June 23, 2024

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PowerApps Best Practices – Naming Conventions

Following the release of the Microsoft PowerApps Canvas App Coding Standards and Guidelines document couple of weeks ago, I am going in a series of articles to cover different aspects of building stable and performant PowerApps Applications.

Coding Standards and Guidelines

In today’s article, I will cover the naming conventions for controls in PowerApps.

PowerApps Controls Naming Conventions

As the majority of programming languages have a preferred naming convention (for controls, variables …etc.), whether you want to use “camel case” or “Pascal case”, it is really up to you.

I have to highlight that there is nothing wrong with naming your controls label1, label2 if you are building apps for learning only. However, good luck with large business applications, with hundred of controls.

Camel Case

Following the Camel Case, your controls and variables will begin with a lowercase prefix, followed by a capital letter for each word (after the first).

txtSelectUserDropDown

Pascal Case or Upper Camel Case

Similar to the Camel case except that all the first letters of the control or variable will be in upper case.

TxtSearchUser

Naming Conventions

As you build your app with multiple screens, controls and data sources, it is important to follow a certain naming convention and make sure these are consistent across all your app.

1. Screens Names

Ideally the screens names should tell clearly the purpose of each screen.

Very important ! for accessibility needs, especially for the vision accessibility needs, you need to remember that the screen names are read aloud by screen readers, so be sure the name is self explanatory.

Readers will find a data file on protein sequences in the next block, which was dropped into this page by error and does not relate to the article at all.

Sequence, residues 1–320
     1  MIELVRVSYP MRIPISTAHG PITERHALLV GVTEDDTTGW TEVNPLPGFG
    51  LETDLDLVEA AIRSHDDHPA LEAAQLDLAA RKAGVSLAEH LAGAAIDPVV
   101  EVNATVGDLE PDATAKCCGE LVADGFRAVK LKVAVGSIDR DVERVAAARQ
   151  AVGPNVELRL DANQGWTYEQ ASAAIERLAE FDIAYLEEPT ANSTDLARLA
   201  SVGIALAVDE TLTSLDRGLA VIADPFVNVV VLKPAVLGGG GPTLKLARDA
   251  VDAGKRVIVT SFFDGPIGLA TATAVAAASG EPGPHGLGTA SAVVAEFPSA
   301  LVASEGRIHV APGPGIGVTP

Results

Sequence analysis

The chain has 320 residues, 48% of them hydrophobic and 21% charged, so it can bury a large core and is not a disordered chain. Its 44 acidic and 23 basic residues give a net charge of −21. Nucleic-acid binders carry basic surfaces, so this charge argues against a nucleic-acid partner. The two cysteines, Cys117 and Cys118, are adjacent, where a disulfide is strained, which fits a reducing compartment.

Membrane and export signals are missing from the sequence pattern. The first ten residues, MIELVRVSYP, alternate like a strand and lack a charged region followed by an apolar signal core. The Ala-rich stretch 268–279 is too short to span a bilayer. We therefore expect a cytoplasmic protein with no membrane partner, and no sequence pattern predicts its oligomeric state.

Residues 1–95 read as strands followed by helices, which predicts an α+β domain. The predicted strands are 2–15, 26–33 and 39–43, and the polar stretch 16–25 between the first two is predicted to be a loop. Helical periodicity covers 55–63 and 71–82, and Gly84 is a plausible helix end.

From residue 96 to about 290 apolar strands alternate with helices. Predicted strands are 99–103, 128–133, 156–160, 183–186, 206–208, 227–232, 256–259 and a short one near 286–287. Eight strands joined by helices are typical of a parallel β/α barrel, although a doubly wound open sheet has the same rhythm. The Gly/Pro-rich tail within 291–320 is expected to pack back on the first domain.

It is recommended to include the word “screen” in the screen names, for example:

1.1 Good screens names:

Home Screen
Products Screen
Help Screen

1.2 Bad screens names:

Dashboard
RequestDetails
ListOfProductsScreen

 

2. Controls Names

Ideally, controls’ names should use the camel case and follow the following format:

  • three letters describing the type (txt, btn, crd, img, lbl …etc)
  • Followed by the purpose of the control.

2.1 Good controls names:

lblUserName
txtSearchQuery
imgLogo
btnSubmitForm

2.2 Bad controls names:

label_search_query
TextEnterYourEmail
Image_Logo_192x192
ButtonSumit1

2.3 Abbreviations for controls:

Button –> btn
Canvas –> can
Card –> crd
Collection –> col
Dates –> dte
Combo Box –> cmb
Drop Down –> drp
Form –> frm
Gallery –> gal
Group –> grp
Icon –> ico
Image –> img
Label –> lbl
Shape –> shp
Table –> tbl
Text Input –> txt
Timer –> tim

 

3. Variables scopes

We have to be careful with the variables used in the app. Certain variables have a global scope in your app, which might lead to some sort of confusion if not names properly.

Any variable you define with the Set function has an app wide scope.

In contrary, Context variables live in the screen where they are declared from.

Global Variable : gblMyVariable

Context Variables : locTotalValue

 

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